Edgar Felten was a beloved music teacher at Denfeld,
and the man who wrote the school’s alma mater.
He was born in Sheboygan, Wis. At age 14, while
attending Concordia Academy High School, he earned a scholarship
to the Wisconsin Conservatory of Music, where he gained a reputation
as a piano player. He graduated from Concordia Academy when World
War I was underway. He went to Lake Forest College, a student army
training school, to prepare for officer’s school or the infantry,
but the war ended and he returned to Sheboygan to work at Kohler
plumbing and later Falls Motors as a mechanic.
Felten joined a four-piece orchestra and played
dance music as the swing era was blossoming. He put his sister through
college with his earnings and she suggested he go back to college.
He attended Milwaukee State Teacher’s College and received
a degree in vocal music because to be a teacher one had to be versed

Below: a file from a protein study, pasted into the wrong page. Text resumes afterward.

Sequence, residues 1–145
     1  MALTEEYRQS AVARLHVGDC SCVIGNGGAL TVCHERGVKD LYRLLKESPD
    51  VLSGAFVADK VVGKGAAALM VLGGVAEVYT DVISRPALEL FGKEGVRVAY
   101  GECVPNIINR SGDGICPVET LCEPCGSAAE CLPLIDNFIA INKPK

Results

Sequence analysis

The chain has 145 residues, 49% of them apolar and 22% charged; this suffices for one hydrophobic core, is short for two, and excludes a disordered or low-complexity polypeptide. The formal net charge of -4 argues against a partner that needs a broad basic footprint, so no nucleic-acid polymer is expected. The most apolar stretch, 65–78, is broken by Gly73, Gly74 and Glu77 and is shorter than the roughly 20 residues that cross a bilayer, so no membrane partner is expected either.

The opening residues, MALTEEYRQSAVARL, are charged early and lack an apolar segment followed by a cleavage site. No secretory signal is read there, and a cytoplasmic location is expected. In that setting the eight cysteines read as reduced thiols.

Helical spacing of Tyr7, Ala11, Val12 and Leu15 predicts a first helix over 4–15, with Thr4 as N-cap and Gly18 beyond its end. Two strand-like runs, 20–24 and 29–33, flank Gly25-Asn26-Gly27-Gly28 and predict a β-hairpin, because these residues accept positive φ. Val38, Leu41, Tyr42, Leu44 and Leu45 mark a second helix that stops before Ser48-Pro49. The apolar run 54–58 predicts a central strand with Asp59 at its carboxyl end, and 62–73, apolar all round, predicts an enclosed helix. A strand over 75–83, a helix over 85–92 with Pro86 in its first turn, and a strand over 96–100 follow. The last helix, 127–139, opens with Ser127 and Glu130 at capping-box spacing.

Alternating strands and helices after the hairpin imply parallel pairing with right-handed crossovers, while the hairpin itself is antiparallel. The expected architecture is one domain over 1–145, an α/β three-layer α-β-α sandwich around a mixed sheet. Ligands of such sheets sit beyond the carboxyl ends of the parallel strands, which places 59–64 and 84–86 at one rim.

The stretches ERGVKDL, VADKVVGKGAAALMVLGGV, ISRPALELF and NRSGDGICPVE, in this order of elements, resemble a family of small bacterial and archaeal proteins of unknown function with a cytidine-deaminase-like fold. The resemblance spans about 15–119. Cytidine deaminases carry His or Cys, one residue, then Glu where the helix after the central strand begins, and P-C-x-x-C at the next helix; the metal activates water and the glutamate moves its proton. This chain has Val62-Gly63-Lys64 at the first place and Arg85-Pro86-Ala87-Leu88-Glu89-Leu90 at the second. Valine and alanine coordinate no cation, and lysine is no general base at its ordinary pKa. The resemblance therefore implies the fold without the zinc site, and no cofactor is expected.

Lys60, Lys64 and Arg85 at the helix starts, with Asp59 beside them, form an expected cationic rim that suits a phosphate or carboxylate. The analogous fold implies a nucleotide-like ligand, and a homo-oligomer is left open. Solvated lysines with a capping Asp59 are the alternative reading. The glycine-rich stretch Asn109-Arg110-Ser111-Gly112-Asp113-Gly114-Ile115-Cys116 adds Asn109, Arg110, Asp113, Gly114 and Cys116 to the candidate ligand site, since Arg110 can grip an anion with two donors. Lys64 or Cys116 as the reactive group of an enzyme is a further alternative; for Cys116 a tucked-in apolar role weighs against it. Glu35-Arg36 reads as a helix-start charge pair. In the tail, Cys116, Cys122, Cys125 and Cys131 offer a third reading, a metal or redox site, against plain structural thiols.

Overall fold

in instrumental and vocal music. He could play piano, clarinet,
cello, violin and trumpet.
He met and married Myrtle Thompson and accepted
an offer to teach in Duluth at Lincoln Junior High School. He stayed
there from 1930 until 1941, when Denfeld’s music instructor
George Parrish retired. He was teaching at Lincoln on Friday and
Denfeld on Tuesday, which he said was one of the “happiest
days of my life.”
He directed Denfeld’s a-cappella choir,
musicals, the orchestra and often the band. His choirs were known
for their precision and close harmonies. He was given the nickname
“father” because he taught a group of girls in a cappella,
orchestra and girl’s ensemble, and they claimed they saw him
more than their own fathers and began calling him “Father
Felten.” To make ends meet he scrubbed floors at the Board
of Education and worked as a night watchman for the Duluth, Missabe
& Iron Range Railway in the summers. He was also organist and
choir director at Mt. Olive Lutheran Church.
He noted that Denfeld didn’t have a proper
“alma mater” so he borrowed the tune from the popular
radio program “Halls of Ivy” and wrote appropriate lyrics,
which are still sung today as “Halls of Denfeld.”
His wife died of a chronic illness in 1967, shortly
after his retirement. They had two sons, James Edgar, a Cornell
Ph.D. who worked as an astrophysicist for NASA,
and John Charles, who received a masters-of-education degree from
Kent State and taught and coached at a Lutheran high school in Ohio.
of Fame Members